Biofunctionalization of silver/silver chloride nanoparticles and their physicochemical and biological characterization

Jarvy Francisco Cruz-Hernández1, Maricela Villanueva-Ibáñez1, Blanca Estela Jaramillo-Loranca1, Yuridia Mercado-Flores2, Gilgamesh Luis-Raya3, Jesús Garcia-Serrano4

1 Laboratory of Nanotechnology, Biological Systems and Industrial Applications, Polytechnic University of Pachuca (UPP), Zempoala, Hidalgo, Mexico.
2 Laboratory of Integral Use of Biotic Resources, UPP, Zempoala, Hidalgo, Mexico.
3 Laboratory of Energy Sources and Crystalline Solids Applied in Optoelectronic Devices, UPP, Zempoala, Hidalgo, Mexico.
4 Área Académica de Ciencias de la Tierra y Materiales, Universidad Autónoma del Estado de Hidalgo, Mineral de la Reforma, Hidalgo, México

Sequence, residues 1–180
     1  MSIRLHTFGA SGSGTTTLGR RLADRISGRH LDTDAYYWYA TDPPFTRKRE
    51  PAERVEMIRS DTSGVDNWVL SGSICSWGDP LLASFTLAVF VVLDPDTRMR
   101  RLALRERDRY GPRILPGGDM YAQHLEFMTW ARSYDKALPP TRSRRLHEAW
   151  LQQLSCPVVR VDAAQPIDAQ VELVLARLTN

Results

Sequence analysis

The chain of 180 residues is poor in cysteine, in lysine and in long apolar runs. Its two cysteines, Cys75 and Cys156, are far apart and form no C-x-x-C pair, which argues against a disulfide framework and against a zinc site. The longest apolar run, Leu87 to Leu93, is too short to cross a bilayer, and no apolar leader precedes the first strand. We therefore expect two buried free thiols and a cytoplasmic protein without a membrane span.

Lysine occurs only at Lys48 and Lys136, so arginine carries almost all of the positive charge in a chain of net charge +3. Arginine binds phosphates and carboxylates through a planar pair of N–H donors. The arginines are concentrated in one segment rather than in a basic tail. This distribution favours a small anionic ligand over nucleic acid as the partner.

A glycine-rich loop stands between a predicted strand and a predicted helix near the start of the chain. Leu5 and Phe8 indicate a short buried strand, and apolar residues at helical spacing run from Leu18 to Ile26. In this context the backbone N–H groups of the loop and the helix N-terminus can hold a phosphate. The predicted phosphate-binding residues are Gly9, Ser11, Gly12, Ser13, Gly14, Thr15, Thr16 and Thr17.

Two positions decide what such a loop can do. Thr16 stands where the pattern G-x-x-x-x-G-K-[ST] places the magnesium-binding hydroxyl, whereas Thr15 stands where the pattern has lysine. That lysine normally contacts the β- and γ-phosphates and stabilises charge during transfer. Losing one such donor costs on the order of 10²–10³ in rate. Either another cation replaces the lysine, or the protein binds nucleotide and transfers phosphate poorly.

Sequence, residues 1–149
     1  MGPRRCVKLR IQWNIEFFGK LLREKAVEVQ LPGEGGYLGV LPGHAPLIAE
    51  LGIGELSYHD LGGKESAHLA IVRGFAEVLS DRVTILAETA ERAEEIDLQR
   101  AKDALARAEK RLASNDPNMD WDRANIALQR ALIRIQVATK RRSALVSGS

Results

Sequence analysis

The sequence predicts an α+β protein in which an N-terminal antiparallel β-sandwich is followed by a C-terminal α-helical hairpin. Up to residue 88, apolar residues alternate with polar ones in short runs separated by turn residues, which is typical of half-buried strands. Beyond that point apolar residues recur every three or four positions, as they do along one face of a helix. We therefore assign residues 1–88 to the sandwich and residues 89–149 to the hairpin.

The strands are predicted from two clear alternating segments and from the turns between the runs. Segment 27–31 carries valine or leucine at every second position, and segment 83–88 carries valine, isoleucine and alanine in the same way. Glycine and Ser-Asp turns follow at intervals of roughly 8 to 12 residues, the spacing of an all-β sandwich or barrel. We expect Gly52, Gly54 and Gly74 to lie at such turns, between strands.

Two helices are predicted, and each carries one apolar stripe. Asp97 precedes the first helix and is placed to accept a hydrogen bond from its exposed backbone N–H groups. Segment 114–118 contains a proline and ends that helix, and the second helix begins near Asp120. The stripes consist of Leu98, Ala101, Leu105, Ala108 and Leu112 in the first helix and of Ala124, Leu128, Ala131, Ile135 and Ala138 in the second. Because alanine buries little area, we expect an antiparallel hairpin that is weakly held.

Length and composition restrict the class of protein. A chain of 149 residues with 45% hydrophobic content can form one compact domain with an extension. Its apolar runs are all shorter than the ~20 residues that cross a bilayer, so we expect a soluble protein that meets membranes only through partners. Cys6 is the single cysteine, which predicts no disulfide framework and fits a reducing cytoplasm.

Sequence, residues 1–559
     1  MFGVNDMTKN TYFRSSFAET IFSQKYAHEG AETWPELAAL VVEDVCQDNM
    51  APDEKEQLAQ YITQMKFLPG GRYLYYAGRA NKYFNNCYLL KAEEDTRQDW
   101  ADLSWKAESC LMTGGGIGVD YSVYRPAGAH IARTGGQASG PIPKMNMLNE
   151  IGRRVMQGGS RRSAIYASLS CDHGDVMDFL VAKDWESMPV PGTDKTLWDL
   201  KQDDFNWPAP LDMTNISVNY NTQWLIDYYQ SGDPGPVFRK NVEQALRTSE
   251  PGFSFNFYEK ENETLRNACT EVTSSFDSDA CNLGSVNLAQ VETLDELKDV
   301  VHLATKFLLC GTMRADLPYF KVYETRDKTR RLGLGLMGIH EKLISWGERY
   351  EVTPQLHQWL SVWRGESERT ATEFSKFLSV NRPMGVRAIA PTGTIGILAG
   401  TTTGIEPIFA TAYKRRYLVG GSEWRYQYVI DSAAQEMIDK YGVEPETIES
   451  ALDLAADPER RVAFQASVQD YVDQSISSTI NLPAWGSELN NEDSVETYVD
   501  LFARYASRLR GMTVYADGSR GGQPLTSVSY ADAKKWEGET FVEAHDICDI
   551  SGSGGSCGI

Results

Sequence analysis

In recent years, research has increased to implement nanomaterials in different areas, especially health. However, the methods used to obtain nanoparticles involve sophisticated equipment that increases production costs and chemicals that can be toxic. The alternative for nanoparticle synthesis is the biological method because it reduces these disadvantages and provides biofunctionalization. In this sense, silver and silver chloride nanoparticles (AgNPs and AgClNPs) have shown antibacterial activity against human pathogens. Therefore, in this project, silver-based nanomaterials were synthesized and characterized using the aqueous extract of Coffea arabica green beans. By UV-Vis spectroscopy, bands at 361 and 430nm corresponding to AgClNPs and AgNPs, respectively, were observed. X-ray diffraction analysis allowed the identification of the cubic structure centered on the faces at the 2 theta angles of 38.16°, 44.38° and 64.66° corresponding to the Bragg refraction of (111), (200) and (220), respectively, characteristic of AgNPs and at 46.31°, 54.92° and 57.55° assigned to the (220), (311) and (222) planes of the AgClNPs. In dynamic light scattering analysis, particle sizes greater than 100 nm were determined; however, using TEM, agglomerates of particles with sizes of 20-50 nm surrounded by organic material from the C. arabica extract were observed. The nanoparticles showed antioxidant activity against the DPPH radical and antibacterial activity against E. coli and B. subtilis, regarding the minimum bactericidal concentration of 250ppm for both strains.



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